HomeTechnologyTech newsRocket Lab wants to use a helicopter to recover 1st rocket stage

Rocket Lab wants to use a helicopter to recover 1st rocket stage

Rocket Lab has unveiled an ambitious and innovative plan to recover the first stage of its Electron rocket. After the success of the most recent launch, Rocket intends to recover the booster still in the air using a helicopter, which should happen in the first half of 2022.

The company recently sent a satellite to Earth orbit under a contract from BlackSky. The first stage of the rocket returned to the surface in a parachute-controlled descent, landing in the Pacific Ocean. At the time, a helicopter was parked near the recovery zone, but only to test the booster’s tracking and communication with the team.

Now, Rocket Lab is advancing in its efforts to make first-stage reuse a reality, which would increase the company’s release capacity as it reduces costs. The objective is to recover the propellers still in the air with a helicopter and take them for inspection, repair and, finally, reuse.

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The company’s founder and CEO, Peter Beck, said the company’s fourth recovery attempt will feature the helicopter and that there is a good chance of success in the operation. “We’ve done enough tests at low altitudes to know that if we can find him, we can definitely catch him,” added Beck.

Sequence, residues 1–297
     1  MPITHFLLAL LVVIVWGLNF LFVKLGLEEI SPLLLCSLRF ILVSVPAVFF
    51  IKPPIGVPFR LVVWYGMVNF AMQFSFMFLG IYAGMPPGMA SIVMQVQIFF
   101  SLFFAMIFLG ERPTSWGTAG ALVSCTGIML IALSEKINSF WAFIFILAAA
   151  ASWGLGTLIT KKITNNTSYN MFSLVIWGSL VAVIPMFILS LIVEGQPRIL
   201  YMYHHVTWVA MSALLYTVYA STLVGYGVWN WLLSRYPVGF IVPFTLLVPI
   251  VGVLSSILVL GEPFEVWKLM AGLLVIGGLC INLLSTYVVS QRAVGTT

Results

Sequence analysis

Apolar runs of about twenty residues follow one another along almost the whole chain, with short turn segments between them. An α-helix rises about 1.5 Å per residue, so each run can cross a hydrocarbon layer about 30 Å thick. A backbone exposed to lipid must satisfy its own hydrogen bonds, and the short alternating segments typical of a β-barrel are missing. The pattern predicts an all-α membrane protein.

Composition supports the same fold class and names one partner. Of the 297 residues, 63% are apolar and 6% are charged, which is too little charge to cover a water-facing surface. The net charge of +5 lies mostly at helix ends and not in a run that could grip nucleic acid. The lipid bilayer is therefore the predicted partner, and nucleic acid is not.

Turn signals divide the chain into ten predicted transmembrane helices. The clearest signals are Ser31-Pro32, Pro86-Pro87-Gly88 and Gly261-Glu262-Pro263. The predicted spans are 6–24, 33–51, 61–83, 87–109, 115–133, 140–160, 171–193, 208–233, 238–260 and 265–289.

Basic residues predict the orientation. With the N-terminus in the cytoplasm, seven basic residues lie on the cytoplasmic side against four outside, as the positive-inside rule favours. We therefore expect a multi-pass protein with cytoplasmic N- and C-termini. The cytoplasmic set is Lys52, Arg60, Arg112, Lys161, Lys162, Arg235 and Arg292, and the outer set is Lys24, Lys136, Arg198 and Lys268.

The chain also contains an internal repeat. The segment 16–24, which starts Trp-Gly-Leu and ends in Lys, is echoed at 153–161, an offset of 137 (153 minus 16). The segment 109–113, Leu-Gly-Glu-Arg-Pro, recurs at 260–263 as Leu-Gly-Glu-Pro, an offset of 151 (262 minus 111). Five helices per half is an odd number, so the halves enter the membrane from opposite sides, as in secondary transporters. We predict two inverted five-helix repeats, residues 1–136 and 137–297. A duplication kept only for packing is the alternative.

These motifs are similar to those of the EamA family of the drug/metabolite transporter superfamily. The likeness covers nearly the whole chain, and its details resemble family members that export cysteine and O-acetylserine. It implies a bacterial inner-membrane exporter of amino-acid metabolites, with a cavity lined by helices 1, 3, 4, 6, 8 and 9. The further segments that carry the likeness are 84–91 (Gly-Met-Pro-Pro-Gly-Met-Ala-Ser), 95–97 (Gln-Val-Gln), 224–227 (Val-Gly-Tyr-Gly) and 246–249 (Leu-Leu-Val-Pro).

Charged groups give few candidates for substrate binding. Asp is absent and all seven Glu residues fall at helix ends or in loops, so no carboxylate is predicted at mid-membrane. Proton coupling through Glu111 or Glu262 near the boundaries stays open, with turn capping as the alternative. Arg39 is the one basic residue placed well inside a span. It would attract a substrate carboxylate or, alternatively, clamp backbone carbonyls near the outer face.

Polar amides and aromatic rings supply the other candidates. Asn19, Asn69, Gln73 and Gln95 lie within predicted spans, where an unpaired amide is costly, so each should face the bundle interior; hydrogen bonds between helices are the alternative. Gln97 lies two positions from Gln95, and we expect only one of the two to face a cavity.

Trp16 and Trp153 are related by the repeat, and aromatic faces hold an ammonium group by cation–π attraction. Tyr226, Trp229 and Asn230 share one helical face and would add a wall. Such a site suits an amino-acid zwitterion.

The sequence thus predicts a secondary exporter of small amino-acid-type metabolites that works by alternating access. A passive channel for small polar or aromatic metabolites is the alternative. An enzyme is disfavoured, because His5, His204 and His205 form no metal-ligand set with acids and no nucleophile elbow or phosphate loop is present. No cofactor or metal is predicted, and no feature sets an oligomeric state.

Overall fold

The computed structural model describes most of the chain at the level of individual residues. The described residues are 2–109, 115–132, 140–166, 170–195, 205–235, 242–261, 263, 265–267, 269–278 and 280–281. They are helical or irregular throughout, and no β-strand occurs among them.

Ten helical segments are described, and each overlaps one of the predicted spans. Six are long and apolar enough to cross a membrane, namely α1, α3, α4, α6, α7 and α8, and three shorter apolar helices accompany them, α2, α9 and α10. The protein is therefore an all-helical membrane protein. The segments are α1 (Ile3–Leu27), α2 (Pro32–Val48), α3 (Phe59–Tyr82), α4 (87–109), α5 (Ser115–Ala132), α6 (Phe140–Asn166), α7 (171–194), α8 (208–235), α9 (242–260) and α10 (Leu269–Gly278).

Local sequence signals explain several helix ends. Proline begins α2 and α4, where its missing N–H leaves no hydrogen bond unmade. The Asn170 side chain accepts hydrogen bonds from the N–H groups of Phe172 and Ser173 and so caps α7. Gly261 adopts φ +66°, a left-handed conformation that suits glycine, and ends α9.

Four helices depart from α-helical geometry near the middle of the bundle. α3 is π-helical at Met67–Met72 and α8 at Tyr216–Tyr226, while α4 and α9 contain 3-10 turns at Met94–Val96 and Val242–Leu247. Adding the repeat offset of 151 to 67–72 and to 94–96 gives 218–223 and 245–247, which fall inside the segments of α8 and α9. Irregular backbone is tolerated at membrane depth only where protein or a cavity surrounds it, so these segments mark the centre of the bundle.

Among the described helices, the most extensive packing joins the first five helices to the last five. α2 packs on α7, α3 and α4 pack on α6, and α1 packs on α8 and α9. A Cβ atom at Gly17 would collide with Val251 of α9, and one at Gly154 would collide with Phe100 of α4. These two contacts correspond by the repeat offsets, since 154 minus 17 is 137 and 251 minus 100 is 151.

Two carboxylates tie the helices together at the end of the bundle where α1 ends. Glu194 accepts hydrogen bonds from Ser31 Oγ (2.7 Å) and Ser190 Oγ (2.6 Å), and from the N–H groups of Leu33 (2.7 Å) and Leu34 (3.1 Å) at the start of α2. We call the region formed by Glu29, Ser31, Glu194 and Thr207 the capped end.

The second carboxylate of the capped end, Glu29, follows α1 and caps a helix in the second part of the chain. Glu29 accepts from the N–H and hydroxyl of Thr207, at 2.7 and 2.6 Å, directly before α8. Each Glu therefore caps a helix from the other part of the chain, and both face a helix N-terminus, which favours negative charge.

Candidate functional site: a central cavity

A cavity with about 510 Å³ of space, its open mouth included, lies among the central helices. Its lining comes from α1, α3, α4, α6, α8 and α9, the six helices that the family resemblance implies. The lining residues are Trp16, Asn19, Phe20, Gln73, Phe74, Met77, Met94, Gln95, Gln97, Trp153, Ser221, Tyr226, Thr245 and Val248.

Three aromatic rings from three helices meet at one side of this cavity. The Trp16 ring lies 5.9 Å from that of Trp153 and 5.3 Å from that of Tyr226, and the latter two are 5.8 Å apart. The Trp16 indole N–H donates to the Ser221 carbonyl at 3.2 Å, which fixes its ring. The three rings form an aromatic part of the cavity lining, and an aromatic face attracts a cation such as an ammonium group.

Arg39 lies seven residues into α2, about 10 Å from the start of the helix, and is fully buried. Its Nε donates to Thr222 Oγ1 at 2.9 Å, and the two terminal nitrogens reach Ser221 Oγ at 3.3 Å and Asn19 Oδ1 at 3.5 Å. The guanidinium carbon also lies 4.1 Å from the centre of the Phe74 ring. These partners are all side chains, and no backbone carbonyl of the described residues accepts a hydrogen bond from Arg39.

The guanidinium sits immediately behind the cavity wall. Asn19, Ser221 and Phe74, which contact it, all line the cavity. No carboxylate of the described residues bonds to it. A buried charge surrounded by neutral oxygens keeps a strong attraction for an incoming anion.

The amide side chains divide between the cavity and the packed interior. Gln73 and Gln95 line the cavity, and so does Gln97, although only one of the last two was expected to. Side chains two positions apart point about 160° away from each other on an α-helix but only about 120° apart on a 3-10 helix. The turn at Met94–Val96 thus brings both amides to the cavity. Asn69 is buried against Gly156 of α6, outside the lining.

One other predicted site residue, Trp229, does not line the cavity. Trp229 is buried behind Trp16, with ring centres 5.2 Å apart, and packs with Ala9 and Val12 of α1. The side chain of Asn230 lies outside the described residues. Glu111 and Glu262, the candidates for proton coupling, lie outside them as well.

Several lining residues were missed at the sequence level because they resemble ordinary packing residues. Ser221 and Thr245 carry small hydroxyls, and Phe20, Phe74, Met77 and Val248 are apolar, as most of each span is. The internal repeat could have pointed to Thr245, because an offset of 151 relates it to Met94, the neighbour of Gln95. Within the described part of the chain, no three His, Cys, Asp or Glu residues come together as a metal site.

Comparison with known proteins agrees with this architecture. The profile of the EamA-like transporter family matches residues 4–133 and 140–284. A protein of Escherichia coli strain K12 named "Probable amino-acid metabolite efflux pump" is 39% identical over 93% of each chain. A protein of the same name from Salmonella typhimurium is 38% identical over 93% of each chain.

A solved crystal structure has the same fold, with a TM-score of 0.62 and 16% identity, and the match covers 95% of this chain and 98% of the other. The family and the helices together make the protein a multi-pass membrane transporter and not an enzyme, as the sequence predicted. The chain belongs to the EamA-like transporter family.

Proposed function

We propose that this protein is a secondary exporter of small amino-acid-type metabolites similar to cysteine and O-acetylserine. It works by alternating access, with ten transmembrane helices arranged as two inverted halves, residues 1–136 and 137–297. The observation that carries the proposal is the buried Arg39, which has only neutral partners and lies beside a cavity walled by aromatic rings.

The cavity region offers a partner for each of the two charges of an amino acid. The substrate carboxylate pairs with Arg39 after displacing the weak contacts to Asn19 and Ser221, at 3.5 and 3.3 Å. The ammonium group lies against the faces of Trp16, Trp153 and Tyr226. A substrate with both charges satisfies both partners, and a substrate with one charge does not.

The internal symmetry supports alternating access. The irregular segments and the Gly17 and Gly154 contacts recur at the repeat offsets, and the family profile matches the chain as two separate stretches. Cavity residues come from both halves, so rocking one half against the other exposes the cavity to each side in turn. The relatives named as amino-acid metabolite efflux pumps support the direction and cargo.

Helicopter will be adapted for this

The company still needs to make some adaptations to the helicopter in order to capture the first stage still in the air, Beck said. The aircraft in question is a Sikorsky S-92, the same one involved in the most recent launch. However, there is still no set date for when the recovery attempt will take place.

For December of this year, Rocket Lab intends to carry out the mission A Data With Destiny, through which it will launch two Earth observation satellites for BlackSky, in the same way that it conducted the last successful launch. So far, she has not reused any launchers.

The success of the first stage recovery with a helicopter will mean a big leap for the company. “If everything is as it looks, we should be able to restack this stage… and be able to push it back into the block,” Beck pointed out.

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